The Authors, Positionality, and Consulting Voices

Both of the researchers at the time of the research were second-year PhD students studying music education and choral conducting. We were both also second-year members of Women’s Chorus, which allowed us access to the ensemble and to establish rapport with the participants. As cisgender white women, we enter this discussion acknowledging the privileged position we have when discussing issues related to trans and gender-expansive individuals within gendered choral ensembles. Utilizing an intersectional feminist framework was essential as we interrogated our own privilege, perspectives, and assumptions related to this project. This framework also allowed us to recognize the places in which we did not acknowledge the intersectional nature of gender in choral ensembles. For example, when we surveyed the students, we asked for their year in school and field of study, but we did not ask about their race, gender, or sexual orientation. As such, we were not able to address gender in a way that acknowledged the nuance of gender as it intersects with other identities. At the outset of this project, we recognized the assumptions we made based on personal relationships we had with the participants. Below, we describe our individual positionalities that affected our approaches to this project.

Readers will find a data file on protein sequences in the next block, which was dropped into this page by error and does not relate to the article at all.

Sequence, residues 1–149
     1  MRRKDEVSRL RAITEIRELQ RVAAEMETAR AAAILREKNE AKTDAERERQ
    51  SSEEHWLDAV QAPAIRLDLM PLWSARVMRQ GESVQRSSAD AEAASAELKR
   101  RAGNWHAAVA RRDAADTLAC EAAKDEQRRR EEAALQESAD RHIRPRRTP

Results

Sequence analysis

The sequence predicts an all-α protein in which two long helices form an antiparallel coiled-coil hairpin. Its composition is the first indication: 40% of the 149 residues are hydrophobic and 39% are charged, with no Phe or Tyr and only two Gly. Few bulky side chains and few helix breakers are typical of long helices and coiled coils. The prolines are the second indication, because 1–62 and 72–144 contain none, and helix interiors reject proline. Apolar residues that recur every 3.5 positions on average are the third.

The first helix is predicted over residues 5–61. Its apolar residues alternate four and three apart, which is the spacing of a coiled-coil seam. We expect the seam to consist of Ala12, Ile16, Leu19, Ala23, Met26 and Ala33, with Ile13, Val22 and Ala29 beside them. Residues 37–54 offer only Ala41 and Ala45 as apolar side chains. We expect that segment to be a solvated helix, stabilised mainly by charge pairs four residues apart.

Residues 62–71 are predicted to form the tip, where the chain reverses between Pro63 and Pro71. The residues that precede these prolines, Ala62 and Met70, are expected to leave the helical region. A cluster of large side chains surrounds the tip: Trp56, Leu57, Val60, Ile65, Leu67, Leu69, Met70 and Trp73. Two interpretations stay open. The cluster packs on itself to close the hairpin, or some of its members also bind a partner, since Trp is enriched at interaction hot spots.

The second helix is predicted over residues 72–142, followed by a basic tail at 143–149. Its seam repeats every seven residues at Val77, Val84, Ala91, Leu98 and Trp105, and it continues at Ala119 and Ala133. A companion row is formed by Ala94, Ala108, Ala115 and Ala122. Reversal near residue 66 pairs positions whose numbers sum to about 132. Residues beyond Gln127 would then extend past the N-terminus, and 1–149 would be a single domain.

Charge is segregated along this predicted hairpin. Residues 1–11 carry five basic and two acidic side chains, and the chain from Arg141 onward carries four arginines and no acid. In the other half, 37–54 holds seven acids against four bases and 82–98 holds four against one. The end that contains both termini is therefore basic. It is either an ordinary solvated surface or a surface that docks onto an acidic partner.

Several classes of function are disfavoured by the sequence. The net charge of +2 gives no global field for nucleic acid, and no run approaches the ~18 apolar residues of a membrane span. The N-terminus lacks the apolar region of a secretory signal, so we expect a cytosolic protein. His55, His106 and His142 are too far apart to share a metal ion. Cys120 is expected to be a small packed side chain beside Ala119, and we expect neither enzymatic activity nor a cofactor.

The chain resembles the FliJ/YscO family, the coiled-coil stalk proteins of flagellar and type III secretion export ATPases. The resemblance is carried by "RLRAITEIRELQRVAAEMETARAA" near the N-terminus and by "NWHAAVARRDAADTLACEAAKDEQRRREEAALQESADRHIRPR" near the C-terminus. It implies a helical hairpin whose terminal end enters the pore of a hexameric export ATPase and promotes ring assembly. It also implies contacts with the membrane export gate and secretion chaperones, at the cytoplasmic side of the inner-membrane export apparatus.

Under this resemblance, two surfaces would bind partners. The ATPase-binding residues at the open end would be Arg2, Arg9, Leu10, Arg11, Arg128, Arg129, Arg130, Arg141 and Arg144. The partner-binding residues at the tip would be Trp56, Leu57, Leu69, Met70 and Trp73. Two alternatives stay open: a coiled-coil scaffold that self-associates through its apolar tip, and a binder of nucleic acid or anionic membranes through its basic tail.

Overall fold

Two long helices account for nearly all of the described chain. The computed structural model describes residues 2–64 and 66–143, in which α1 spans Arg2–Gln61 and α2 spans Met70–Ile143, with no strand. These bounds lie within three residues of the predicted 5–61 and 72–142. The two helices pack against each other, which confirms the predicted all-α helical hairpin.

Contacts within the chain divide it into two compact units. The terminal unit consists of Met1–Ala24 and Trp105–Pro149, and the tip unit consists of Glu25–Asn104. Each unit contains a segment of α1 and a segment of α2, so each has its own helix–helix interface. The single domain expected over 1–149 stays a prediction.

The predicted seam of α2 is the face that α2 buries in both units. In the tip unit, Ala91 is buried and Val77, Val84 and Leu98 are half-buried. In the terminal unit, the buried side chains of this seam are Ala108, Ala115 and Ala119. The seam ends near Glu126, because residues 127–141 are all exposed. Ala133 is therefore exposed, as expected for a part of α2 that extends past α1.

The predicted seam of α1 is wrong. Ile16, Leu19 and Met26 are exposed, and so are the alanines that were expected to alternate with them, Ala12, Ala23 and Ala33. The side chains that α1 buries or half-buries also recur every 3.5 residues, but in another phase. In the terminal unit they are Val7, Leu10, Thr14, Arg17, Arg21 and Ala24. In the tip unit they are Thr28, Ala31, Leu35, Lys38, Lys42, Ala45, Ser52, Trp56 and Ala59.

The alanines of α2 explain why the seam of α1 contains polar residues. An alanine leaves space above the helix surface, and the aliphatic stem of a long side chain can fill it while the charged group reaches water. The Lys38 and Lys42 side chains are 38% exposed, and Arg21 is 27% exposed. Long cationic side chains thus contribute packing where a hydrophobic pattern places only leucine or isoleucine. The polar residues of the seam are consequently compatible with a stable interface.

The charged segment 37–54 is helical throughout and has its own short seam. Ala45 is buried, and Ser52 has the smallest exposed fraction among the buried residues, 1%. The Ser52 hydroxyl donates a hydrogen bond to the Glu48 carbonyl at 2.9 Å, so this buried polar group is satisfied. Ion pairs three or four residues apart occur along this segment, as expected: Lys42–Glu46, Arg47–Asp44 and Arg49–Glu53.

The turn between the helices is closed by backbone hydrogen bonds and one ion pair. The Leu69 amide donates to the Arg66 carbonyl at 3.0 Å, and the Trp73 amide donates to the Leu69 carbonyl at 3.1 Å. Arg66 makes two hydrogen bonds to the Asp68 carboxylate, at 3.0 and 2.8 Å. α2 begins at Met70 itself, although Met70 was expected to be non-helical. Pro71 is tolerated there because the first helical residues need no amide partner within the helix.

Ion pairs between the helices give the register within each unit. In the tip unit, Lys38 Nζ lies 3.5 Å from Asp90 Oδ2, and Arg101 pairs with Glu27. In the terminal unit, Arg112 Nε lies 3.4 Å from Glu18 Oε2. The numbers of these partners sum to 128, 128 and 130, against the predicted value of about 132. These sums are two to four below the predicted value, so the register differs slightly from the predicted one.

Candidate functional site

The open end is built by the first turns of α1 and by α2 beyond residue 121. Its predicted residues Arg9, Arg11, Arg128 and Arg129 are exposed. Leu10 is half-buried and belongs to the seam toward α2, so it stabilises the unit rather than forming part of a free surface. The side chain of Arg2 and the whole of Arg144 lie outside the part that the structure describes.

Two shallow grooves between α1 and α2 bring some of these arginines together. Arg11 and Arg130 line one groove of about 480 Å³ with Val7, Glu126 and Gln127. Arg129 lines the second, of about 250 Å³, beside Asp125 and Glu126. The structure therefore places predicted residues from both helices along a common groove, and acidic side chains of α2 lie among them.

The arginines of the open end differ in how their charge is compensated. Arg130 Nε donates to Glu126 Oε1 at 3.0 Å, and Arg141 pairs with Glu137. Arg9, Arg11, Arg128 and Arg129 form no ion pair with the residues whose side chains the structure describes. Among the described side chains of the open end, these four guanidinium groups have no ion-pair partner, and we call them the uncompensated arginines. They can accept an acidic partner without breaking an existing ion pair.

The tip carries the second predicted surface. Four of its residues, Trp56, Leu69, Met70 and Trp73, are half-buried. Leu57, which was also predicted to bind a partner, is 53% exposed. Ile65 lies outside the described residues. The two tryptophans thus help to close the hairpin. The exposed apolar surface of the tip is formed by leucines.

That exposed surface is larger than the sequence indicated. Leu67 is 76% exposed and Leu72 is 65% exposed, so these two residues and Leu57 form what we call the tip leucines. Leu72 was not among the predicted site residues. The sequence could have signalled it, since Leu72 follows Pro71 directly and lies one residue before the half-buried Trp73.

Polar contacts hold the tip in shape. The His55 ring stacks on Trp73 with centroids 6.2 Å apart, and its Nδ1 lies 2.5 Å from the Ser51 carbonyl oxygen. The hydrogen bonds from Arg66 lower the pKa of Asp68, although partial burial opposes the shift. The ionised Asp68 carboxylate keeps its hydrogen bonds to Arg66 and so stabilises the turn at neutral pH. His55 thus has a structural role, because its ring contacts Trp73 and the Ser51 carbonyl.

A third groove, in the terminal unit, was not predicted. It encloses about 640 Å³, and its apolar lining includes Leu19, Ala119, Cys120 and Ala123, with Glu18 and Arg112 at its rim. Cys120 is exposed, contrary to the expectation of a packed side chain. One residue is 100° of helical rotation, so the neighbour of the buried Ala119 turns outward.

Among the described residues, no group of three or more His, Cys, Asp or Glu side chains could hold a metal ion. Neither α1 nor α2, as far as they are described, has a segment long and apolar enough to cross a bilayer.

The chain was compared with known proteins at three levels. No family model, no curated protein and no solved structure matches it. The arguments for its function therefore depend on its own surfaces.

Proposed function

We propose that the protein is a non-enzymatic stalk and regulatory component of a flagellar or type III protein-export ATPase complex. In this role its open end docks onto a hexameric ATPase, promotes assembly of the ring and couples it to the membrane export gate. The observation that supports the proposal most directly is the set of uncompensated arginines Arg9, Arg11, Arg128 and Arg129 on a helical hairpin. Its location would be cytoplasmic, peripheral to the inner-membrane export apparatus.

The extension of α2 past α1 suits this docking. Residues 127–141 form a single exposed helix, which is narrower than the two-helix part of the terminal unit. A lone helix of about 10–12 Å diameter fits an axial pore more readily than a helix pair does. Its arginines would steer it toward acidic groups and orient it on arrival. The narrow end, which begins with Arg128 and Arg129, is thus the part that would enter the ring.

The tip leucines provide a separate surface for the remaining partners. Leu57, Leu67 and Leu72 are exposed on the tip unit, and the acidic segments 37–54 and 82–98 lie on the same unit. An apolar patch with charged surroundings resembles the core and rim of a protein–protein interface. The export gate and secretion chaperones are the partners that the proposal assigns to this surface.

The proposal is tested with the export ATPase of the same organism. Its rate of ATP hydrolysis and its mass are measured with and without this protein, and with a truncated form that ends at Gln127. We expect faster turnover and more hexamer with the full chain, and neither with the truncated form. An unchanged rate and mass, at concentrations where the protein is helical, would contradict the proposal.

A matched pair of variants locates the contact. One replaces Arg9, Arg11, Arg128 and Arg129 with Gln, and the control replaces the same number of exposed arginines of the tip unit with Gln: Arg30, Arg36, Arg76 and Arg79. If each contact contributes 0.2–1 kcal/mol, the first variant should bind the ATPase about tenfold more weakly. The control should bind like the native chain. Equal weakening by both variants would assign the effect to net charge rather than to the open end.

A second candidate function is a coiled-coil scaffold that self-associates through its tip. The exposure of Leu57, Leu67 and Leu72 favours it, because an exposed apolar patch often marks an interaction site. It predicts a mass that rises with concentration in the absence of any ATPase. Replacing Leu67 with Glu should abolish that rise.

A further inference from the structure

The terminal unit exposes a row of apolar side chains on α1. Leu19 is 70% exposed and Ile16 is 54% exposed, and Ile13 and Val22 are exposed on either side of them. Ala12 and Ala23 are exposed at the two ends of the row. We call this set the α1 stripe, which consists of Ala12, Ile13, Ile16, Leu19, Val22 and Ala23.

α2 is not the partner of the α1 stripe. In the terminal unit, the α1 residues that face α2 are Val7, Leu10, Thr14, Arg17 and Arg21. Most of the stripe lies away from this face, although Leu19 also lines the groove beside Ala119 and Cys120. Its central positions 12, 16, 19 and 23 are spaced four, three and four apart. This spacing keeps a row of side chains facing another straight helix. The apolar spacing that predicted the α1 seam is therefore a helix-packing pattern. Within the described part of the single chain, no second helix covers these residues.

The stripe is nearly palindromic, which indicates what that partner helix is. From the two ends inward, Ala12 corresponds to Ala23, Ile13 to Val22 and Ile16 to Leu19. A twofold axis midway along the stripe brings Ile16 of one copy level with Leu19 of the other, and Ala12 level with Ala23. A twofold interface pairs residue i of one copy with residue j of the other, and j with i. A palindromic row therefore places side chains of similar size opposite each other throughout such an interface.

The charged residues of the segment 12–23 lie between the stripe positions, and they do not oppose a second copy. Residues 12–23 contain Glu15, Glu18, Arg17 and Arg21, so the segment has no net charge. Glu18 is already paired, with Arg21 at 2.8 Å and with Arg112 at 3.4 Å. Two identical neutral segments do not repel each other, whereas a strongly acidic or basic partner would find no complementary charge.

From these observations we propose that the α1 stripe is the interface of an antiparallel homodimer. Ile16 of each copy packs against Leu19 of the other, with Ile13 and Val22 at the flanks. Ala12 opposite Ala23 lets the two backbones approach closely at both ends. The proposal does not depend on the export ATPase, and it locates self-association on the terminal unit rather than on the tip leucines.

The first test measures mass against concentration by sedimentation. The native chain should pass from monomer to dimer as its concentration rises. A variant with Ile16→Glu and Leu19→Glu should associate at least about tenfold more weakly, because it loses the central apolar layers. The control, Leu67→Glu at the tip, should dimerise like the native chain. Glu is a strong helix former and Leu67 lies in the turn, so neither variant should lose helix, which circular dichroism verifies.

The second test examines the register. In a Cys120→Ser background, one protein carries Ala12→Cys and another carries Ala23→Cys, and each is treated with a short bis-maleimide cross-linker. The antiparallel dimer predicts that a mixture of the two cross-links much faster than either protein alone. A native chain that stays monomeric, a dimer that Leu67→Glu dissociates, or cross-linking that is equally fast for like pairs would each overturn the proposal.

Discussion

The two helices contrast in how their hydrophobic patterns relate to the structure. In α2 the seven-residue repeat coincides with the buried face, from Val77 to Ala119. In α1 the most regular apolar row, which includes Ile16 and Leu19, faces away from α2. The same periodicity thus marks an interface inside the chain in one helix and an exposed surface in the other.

Author 1